The mainstream media’s headlines border on sensational and incomplete, thus drumming up fears of massive amounts of deaths without pointing out how the fatality rate is not as high as the media portrays it. Both CNN and NBC News are to blame for the incomplete headlines that focus on death counts, but not the percentage of people who have since recovered from the virus.
CNN’s live blog headlined the news, “Coronavirus deaths in the US top 3,000,” but nowhere in the live blog’s video or text was there a mention of the actual fatality rate. Using CNN’s numbers, the fatality rate of known coronavirus cases was 1.8%. For example, a different headline could read, “98.2% of COVID-19 cases recover from the virus” and it is less sensational while maintaining accuracy.
NBC News’s summary of the data headlined the number of fatalities, “Coronavirus map: The COVID-19 virus is spreading across the world. Here’s where cases have been confirmed.” It noted that over 190 countries and territories confirmed coronavirus cases, but there was no specific mention of the fatality rate in specific countries nor globally. Instead, NBC News reported that out of the 700,000-plus confirmed cases, “more than 33,000 have died” since January 2020 and “more than 75,000 people have recovered.” The outlet could have noted that the global fatality rate is 4.7%, based on its data, but that individual countries like the United States have a lower fatality rate.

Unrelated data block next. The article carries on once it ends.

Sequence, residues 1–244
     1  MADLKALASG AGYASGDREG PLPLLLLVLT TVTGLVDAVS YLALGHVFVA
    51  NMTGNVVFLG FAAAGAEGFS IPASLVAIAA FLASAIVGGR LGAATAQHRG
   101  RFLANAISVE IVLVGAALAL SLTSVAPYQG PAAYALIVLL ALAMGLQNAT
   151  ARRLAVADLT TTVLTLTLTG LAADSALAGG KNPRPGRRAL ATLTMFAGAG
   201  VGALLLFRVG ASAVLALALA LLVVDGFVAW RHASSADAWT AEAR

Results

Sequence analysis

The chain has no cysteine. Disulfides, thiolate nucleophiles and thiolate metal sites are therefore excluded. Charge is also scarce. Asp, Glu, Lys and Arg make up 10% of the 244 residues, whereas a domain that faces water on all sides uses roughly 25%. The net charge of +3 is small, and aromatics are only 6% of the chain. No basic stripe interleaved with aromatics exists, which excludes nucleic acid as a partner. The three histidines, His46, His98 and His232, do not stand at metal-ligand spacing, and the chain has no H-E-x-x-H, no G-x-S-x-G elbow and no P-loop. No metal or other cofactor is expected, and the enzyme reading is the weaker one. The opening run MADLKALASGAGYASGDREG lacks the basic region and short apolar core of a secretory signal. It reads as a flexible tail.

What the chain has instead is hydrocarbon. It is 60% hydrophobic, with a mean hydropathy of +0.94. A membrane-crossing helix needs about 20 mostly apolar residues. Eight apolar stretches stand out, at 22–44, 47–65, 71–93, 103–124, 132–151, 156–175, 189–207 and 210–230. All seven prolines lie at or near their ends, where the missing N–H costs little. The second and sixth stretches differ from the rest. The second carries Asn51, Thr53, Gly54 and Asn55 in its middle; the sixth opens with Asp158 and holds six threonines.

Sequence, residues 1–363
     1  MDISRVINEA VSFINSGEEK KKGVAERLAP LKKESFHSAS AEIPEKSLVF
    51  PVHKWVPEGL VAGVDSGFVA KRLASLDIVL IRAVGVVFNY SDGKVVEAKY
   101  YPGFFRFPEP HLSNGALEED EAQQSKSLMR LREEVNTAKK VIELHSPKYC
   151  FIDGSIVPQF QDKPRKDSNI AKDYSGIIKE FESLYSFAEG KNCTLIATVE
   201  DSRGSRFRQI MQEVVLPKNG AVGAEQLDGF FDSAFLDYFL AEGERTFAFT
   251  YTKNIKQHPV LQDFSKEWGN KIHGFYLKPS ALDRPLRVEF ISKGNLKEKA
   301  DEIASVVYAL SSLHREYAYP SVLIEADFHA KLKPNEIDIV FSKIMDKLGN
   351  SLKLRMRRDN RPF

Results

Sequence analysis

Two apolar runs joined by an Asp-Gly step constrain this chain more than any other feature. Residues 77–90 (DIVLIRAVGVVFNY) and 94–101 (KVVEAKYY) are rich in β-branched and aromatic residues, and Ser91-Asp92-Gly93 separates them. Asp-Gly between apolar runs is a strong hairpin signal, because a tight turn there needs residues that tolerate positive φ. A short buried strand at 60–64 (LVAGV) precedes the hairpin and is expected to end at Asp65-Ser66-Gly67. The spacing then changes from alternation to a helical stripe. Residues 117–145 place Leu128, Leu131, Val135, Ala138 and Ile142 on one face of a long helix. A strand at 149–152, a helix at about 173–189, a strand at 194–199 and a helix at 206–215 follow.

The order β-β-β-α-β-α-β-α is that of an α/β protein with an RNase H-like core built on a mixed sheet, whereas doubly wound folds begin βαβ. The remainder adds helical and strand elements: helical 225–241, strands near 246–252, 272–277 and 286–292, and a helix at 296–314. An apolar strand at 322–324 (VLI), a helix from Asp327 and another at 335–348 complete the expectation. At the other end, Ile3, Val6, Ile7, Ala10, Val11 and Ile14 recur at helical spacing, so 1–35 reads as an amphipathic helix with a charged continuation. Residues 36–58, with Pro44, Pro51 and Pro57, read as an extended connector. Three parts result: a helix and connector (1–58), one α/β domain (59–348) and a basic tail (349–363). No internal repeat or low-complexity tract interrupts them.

The overall effect on the mainstream media’s fear-mongering headlines is that the death toll and death count are widely reported, but it is not completely accurate. Though many people have died, more people have recovered from the coronavirus than what is reflected in the media’s headlines. The media should acknowledge that although the virus is deadly, it is not as deadly as past viruses like MERS, which had a more than 30% fatality rate.
The media subjected readers and viewers in the United States to incomplete headlines that do not accurately reflect the data and statistics available to the media and the public.
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Author: Spencer Irvine